Coltivare – parking is based on patio and inside of restaurant – they never disclosed that the garden would be used by customers. Further, they received a variance to allow that garden, but that additional 3000 foot space never went into the parking calculation. You can see people standing out in the garden with drinks every weekend night. Absurd.
    Revival – now offering lunch and dinner. The grocery has been decimated but the certificate of occupancy is not valid for a restaurant. Yet they will serve meals because the City will not enforce.
    Gelazzi – the “want to be bar” based on the owner’s Colorado model. Not a single parking space on site, no adequate bathrooms. No Certificate of Appropriateness to ruin the historic building. No handicap parking.
    Everyone know the trees should be located between the sidewalk and the curb, but I will not hold my breath to see that enforced.

  • I don’t want to live in Montrose. Please don’t turn Yale into Shepherd. It seems like there are tools to prevent it but the City is not enforcing.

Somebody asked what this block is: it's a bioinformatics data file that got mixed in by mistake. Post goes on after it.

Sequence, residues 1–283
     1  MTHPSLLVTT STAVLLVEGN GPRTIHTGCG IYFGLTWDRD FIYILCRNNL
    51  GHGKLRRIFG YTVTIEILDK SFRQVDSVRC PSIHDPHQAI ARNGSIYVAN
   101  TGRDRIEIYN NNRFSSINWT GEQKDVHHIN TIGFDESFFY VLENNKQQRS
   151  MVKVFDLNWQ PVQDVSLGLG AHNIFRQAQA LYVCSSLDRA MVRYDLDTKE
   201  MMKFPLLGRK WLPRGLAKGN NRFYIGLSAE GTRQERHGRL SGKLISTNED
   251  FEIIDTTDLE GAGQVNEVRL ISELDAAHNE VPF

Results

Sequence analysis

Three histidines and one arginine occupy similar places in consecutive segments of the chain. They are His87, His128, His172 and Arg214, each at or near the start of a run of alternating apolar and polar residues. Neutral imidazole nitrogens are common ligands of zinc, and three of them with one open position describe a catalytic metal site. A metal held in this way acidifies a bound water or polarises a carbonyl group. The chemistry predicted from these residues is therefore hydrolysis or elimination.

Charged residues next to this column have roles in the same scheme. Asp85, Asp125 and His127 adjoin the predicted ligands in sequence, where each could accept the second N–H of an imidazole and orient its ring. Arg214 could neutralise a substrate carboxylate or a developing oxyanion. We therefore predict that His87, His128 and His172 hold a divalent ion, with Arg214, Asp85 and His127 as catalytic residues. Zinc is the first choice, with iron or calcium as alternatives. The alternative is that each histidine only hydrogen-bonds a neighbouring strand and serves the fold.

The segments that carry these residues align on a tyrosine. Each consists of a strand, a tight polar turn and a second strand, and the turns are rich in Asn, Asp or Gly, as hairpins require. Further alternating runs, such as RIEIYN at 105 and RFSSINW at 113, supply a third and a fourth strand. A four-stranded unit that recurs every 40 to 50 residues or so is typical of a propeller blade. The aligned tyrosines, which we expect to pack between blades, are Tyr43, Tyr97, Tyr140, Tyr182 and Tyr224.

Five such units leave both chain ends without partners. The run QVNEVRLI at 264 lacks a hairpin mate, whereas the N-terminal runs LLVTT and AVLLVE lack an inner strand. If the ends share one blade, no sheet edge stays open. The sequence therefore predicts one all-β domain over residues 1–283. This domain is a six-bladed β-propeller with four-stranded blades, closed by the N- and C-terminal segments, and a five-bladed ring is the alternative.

• This is F’d up. Ain’t no such thing as “responsible” planning or “planning” in the City of Houston.

  • I’m kind of mystified at all the hate for Coltivare and Revival. At least they provide some character to the neighborhood, unlike these apartments that look exactly like every other mid-rise apartment being built today

  • The Heights is a great place to live right after I moved here last year. It was perfect until someone else moved here. Now not so much. See, I was thinking I would be the last person to move to the Heights and that would have been perfect. Everything that made it great depended on no more people moving here and making traffic worse and turning it into that mattress store infested Montrose. So that’s enough! I’m all the Heights can take!

  • Thanks to Mayor Parker and the spineless enforcement of city regulations this is happening all over the city. If this was a rare occurrence one might be a little less skeptical, but when history continues to repeat itself…pretty clear developers have the best City government money can buy.